2 New Movies No One Will Ever See

Cohen Brothers "A Serious Man" about Jews in Minnesota

& Jane Campion's "Bright Star" about poetry. 


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Chicks might dig "Bright Star"

Dan_in_Cincinnati's picture

Since people don't get their fingers chopped off in this one I might watch it.  The other Jane Campion movie I saw most of was "The Piano" (1993).  I marched right out of the theater when the husband used an axe to take off his wife's finger.

{;-) Dan in Miami

 

Do not see The Yakuza

Coaster's picture

This 1974 movie starring Robert Mitchum raised the expression "Gave him the finger" to a whole 'nother level. 

Too bad for you.  This movie kicks five kinds of ass.  It's my favorite Robert Mitchum movie and that's saying something because Mitchum mad a lot of good movies. 

It wasn't the gore in "The Piano" I objected to

Dan_in_Cincinnati's picture

It was the heavy handed feminism.  Or maybe in this case light handed feminism.

And by the way why do women enjoy reading these 200 year old romance novels?  To me that's kind of like a black person who enjoys reading books set in the time of slavery.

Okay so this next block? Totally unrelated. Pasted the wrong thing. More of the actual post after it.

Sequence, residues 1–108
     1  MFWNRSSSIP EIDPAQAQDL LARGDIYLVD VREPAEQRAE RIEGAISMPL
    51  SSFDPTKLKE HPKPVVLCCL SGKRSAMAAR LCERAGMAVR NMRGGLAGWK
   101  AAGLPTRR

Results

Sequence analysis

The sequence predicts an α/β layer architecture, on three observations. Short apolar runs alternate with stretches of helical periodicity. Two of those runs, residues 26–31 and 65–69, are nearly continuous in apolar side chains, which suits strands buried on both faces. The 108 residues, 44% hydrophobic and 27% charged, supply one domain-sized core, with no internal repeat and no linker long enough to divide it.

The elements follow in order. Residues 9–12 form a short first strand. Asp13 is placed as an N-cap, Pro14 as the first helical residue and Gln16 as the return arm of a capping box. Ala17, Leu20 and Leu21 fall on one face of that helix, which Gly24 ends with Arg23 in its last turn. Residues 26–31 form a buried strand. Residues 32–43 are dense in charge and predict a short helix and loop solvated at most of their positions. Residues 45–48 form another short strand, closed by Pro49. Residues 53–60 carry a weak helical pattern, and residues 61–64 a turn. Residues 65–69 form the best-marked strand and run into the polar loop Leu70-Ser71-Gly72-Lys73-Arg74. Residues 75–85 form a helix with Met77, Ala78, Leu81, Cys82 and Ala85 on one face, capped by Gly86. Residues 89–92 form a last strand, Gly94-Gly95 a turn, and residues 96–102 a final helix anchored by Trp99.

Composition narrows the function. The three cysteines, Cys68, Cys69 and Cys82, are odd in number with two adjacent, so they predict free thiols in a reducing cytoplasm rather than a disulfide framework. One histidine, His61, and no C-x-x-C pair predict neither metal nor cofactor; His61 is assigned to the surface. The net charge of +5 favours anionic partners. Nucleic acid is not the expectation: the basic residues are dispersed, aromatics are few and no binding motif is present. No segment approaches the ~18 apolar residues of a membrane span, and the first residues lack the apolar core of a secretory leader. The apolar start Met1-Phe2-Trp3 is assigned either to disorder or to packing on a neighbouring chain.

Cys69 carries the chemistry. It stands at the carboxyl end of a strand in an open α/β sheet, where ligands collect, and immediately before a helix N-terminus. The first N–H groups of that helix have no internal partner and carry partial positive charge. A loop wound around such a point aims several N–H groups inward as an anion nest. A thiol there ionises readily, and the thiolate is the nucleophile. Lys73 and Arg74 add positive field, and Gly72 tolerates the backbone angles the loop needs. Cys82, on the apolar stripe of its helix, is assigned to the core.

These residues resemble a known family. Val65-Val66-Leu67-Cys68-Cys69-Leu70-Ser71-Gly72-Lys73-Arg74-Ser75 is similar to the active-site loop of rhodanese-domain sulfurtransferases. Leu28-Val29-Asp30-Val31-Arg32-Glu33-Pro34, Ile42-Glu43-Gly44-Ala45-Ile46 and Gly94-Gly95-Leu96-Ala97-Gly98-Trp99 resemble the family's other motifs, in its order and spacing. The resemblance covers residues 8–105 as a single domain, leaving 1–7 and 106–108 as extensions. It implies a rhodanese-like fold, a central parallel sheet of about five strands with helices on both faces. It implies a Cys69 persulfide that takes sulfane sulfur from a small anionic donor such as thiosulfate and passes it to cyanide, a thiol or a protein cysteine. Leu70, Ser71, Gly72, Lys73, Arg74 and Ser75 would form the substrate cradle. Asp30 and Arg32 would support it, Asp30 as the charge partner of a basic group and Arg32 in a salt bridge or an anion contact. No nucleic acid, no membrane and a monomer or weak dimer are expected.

{;-) Dan in Miami

Word

RidingFool's picture

Mandingo.

I really wanna see A Serious Man

Critico's picture

The trailer is hilarious.

Saw BRIGHT STAR the other day

FearlessFreep's picture

It's an excellent love story.

 

I saw "A Serious Man" today. <MINOR SPOILERS perhaps>

HS's picture

I liked it.  It's basically about an decent Jewish university professor from suburban Minneapolis whose normal life suddenly - and rather rapidly - loses every sense of normalcy when one bad thing after another comes his way.  I've read that his struggles resemble those of Job from the Bible (though I must admit, I'm not very familiar with the story of Job).  The film is *very* Jewish, as our protagonist looks to God and to his rabbis for answers.   I mostly understood the many Jewish references even though I am not Jewish.  I think what it deals with is (if you're religious, which the Coen brothers clearly are) not always understanding what God is trying to tell you, or (if you're not religious) simply not knowing why so much bad shit keeps happening to you, but being able to recognize every possible "way out" when you see them.

Although I think that if non-Jews (and the non-religious) take a chance on the film they may be surprised to find themselves understanding its universal theme, I suspect that few will seek it out.  This film seems very personal to the Coens, and methinks it'll be box office poison to the studio.  Fortunately, the cast of mostly-unknowns prolly helped bring it in for much less money than, say, Burn After Reading.  Anyway...check it out, but beware of the Sopranos-esque non-ending.

 

HS

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